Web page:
But Ana’s holiday table has limited space for gloom. While this album was in the talking stages, she asked Julian if he had ever written a Christmas song. “Well, I’m trying,” he said, “but the problem is, nothing rhymes with Christmas.” And a whimsical toe-tapper with that very title was born. On “Secret Santa,” by Ana and Tedd, she’s both Patti and Maxene Andrews as she self-harmonizes on a cautionary tale about the dangers of falling for a big banana from Havana. “That’s the closest thing to an SNL song that I did,” she says. “Tedd did this crazy, square Cuban beat on it.”

The vocal chameleon in her is let loose on her wittily acted version of “You’re a Mean One, Mr. Grinch,” from the 1966 animated feature
How the Grinch Stole Christmas! Anything maudlin in “Have Yourself a Merry Little Christmas” gets swept under the carpet by a Louis Prima-like shuffle rhythm. On “Children, Go Where I Send Thee,” a traditional spiritual arranged for her by Jeffrey Klitz, finger-snaps, call-and-response, and jungle drums build to a high-flying finale.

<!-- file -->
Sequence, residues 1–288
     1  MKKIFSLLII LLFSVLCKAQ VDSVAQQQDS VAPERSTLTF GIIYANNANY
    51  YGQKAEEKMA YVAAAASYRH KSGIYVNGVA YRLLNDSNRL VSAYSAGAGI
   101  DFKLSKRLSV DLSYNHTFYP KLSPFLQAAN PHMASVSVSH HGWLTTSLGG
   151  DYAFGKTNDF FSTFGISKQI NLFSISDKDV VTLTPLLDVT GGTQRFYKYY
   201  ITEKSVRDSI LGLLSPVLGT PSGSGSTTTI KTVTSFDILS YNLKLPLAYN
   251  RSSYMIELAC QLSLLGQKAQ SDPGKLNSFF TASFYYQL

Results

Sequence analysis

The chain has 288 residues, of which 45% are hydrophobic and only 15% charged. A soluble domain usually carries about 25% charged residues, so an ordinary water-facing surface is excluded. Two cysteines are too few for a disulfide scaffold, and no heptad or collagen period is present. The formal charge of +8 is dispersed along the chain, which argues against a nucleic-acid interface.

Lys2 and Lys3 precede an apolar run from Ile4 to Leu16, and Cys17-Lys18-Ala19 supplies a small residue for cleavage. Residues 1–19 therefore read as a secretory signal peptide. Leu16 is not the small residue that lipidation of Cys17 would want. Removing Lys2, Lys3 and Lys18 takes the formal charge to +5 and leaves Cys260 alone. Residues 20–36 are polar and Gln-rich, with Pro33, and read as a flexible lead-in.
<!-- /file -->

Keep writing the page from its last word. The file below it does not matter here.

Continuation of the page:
Several songs here were rescued from the island of neglected pop-jazz curios. “(Everybody’s Waitin’ for) The Man with the Bag” didn’t break the top 100 in 1950, when Kay Starr recorded it; the composer was her then-husband, Hal Stanley. “The Merriest” is the shiny star on top of This Time of Year, June Christy’s 1961 album of forlorn Christmas originals, penned for her by Arnold Miller and Connie Pearce, a songwriting couple who were friends of hers in Los Angeles. In 1966, right around the time of his success with the musical Sweet Charity, Cy Coleman teamed with lyricist Floyd Huddleston to write “He’s Stuck in the Chimney Again,” a tune almost no one has sung. “My saxophone and reed player Greg Thymius is a connoisseur of Christmas novelty songs,” explains Ana. “He said, ‘You’ve got to hear this song.’ I fell in love with it. It’s cheeky and kind of weirdly sexy.”

“In the Market for a Miracle” is a milestone in her career. Benj Pasek and Justin Paul (
Dear Evan Hansen) wrote it for Ana to perform in A Christmas Story Live!, the 2017 TV musical; as the Jew next door, she sang of the joys of Chanukah ("Raise it up for the Israelites/Give it up for eight crazy nights”). Said critic Andy Swift: “Can we talk about those notes Gasteyer hit toward the end?” The song got nominated for an Emmy. For this first published recording of it, Jeffrey Klitz, says Ana, scaled down the orchestra “to a hip, swinging, Nat King Cole Trio vibe.”

Sugar and Booze had a card attached, it would contain the following message from Ana: “Don’t worry about the music, I’ve got that handled for you. It’s not all gonna be weird songs you’ve never heard before. We’re given you some familiar songs, too, even if the packaging is slightly unexpected.”